1  0  
    

This tells us, with regard to the xy'Square, that it is wholly 'empty', since BOTH compartments are so marked. With regard to the xySquare, it tells us that it is 'occupied'. True, it is only ONE compartment of it that is so marked; but that is quite enough, whether the other be 'occupied' or 'empty', to settle the fact that there is SOMETHING in the Square.
If, then, we transfer our marks to the smaller Diagram, so as to get rid of the msubdivisions, we have a right to mark it

  
 1  0 
  

which means, you know, "all x are y."
The result would have been exactly the same, if the given oblong had been marked thus:

 1  0 
 __________ 
    
   0  
    

Once more: how shall we interpret this, with regard to x and y?

 0  1 
 __________ 
    
    
    

This tells us, as to the xySquare, that ONE of its compartments is 'empty'. But this information is quite useless, as there is no mark in the OTHER compartment. If the other compartment happened to be 'empty' too, the Square would be 'empty': and, if it happened to be 'occupied', the Square would be 'occupied'. So, as we do not know WHICH is the case, we can say nothing about THIS Square.
The other Square, the xy'Square, we know (as in the previous example) to be 'occupied'.
If, then, we transfer our marks to the smaller Diagram, we get merely this:

  
  1 
  

which means, you know, "some x are y'."
These principles may be applied to all the other
oblongs. For instance, to represent
"all y' are m'" we should mark the 
RIGHTHAND UPRIGHT OBLONG (the one  
that has the attribute y') thus:  
 0  
1
 0  
 
 

and, if we were told to interpret the lower half of the cupboard,
marked as follows, with regard to x and y,

    
   0  
    
  
 1  0 

we should transfer it to the smaller Diagram thus,

  
 1  0 
  

and read it "all x' are y."
Two more remarks about Propositions need to be made.
One is that, in every Proposition beginning with "some" or "all", the ACTUAL EXISTENCE of the 'Subject' is asserted. If, for instance, I say "all misers are selfish," I mean that misers ACTUALLY EXIST. If I wished to avoid making this assertion, and merely to state the LAW that miserliness necessarily involves selfishness, I should say "no misers are unselfish" which does not assert that any misers exist at all, but merely that, if any DID exist, they WOULD be selfish.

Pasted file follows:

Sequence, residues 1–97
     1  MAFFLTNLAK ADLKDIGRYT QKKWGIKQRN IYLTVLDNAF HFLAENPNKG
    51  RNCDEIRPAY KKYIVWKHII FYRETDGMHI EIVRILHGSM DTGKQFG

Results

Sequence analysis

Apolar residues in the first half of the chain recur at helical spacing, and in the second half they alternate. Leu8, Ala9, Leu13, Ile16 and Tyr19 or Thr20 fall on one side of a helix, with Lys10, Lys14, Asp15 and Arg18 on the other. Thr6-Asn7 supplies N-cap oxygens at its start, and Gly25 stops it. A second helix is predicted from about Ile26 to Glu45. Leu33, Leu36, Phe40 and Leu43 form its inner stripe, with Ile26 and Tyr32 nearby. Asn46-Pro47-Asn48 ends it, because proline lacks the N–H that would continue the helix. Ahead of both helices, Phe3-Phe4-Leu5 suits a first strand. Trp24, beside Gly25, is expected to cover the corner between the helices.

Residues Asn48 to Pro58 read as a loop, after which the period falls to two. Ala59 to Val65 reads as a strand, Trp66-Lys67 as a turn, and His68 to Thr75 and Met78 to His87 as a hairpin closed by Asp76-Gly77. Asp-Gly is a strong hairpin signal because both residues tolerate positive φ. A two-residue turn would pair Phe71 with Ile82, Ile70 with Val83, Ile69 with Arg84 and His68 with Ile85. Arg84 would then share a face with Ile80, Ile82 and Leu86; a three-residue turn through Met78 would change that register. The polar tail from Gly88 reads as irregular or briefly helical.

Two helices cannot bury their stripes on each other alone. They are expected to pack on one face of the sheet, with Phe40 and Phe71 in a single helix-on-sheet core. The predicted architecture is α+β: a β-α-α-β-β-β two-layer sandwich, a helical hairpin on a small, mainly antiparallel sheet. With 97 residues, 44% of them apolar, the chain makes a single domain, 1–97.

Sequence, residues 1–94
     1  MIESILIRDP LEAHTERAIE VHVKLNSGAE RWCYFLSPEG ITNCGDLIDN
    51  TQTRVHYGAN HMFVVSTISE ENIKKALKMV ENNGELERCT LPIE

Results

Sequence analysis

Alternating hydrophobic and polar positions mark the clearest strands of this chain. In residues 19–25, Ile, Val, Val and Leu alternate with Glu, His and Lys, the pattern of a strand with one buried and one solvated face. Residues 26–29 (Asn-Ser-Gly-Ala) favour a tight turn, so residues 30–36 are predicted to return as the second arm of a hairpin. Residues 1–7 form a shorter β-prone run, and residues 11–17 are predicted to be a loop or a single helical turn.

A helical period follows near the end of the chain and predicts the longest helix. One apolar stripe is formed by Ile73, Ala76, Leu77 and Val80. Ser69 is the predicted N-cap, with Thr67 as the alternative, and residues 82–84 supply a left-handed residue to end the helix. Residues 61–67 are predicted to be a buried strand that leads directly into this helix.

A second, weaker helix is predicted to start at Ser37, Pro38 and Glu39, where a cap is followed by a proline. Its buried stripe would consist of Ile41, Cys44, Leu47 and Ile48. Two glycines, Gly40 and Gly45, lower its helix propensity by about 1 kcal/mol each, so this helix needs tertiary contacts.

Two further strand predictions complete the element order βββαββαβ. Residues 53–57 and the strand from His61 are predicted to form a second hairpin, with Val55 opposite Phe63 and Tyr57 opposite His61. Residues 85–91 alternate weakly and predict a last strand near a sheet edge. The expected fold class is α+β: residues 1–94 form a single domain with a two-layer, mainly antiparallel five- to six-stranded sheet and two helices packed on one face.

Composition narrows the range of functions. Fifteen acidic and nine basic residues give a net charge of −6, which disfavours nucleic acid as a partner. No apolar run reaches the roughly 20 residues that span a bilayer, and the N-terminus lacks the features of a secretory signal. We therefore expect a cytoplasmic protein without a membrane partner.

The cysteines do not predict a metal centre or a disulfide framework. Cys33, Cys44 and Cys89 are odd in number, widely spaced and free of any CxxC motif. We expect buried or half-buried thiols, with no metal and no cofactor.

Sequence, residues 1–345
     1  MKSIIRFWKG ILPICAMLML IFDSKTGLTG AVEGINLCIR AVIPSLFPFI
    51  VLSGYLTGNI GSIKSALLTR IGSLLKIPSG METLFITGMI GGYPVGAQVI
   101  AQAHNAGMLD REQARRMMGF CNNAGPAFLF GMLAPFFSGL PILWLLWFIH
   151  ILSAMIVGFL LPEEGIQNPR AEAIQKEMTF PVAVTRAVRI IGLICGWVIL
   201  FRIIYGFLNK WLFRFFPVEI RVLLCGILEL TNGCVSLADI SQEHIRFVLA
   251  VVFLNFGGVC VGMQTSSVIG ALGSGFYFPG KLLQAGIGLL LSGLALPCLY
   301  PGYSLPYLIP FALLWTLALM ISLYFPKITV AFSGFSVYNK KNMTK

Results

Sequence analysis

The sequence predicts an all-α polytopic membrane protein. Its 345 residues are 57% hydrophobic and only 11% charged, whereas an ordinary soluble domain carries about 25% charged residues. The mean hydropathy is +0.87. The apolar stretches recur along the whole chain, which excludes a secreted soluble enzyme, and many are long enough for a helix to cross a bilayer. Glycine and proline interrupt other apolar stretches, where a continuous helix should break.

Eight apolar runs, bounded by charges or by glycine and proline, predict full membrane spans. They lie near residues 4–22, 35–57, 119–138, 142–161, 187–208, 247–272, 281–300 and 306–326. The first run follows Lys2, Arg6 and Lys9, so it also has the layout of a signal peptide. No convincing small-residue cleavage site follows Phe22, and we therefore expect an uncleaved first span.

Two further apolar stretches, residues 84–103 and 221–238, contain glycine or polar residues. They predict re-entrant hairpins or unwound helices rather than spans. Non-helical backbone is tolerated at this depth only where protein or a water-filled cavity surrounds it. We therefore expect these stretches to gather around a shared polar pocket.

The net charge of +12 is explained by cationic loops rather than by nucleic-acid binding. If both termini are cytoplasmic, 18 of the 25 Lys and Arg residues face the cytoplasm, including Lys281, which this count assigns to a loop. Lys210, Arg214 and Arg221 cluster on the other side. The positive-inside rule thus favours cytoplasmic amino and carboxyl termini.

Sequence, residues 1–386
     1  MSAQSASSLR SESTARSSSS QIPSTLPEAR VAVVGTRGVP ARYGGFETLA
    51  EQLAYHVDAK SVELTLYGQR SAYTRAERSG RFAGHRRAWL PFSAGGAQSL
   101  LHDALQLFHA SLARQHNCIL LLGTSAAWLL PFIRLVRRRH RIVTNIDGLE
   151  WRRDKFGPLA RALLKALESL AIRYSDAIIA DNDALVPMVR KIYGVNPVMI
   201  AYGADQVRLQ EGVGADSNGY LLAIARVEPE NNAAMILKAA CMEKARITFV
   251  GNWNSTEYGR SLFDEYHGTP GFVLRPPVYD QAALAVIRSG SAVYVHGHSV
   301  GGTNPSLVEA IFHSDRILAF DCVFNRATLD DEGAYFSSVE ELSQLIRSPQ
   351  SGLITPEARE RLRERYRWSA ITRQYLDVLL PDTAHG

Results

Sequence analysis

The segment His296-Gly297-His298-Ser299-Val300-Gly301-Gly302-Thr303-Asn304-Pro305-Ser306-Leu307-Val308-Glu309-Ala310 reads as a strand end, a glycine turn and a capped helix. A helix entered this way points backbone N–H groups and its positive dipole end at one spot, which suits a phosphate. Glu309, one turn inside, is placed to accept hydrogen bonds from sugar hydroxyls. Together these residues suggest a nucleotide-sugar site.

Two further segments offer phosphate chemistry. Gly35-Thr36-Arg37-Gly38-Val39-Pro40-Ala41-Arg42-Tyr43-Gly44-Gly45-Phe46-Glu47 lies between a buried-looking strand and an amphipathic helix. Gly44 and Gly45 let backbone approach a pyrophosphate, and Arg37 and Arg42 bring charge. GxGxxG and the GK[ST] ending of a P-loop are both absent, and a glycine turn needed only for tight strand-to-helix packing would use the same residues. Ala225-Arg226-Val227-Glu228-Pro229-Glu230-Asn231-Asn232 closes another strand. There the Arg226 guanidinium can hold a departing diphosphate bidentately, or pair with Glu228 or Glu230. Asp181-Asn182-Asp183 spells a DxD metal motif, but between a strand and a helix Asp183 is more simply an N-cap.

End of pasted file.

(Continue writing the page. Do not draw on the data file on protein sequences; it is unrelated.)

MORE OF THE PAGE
The other is that, when a Proposition begins with "some" or "no", and contains more that two Attributes, these Attributes may be rearranged, and shifted from one Term to the other, "ad libitum." For example, "some abc are def" may be rearranged as "some bf are acde," each being equivalent to "some Things are abcdef". Again "No wise old men are rash and reckless gamblers" may be rearranged as "No rash old gamblers are wise and reckless," each being equivalent to "No men are wise old rash reckless gamblers."
2. Syllogisms
Now suppose we divide our Universe of Things in three ways, with regard to three different Attributes. Out of these three Attributes, we may make up three different couples (for instance, if they were a, b, c, we might make up the three couples ab, ac, bc). Also suppose we have two Propositions given us, containing two of these three couples, and that from them we can prove a third Proposition containing the third couple. (For example, if we divide our Universe for m, x, and y; and if we have the two Propositions given us, "no m are x'" and "all m' are y", containing the two couples mx and my, it might be possible to prove from them a third Proposition, containing x and y.)
In such a case we call the given Propositions 'THE PREMISSES', the third one 'THE CONCLUSION' and the whole set 'A SYLLOGISM'.
Evidently, ONE of the Attributes must occur in both Premisses; or else one must occur in ONE Premiss, and its CONTRADICTORY in the other.
In the first case (when, for example, the Premisses are "some m are x" and "no m are y'") the Term, which occurs twice, is called 'THE MIDDLE TERM', because it serves as a sort of link between the other two Terms.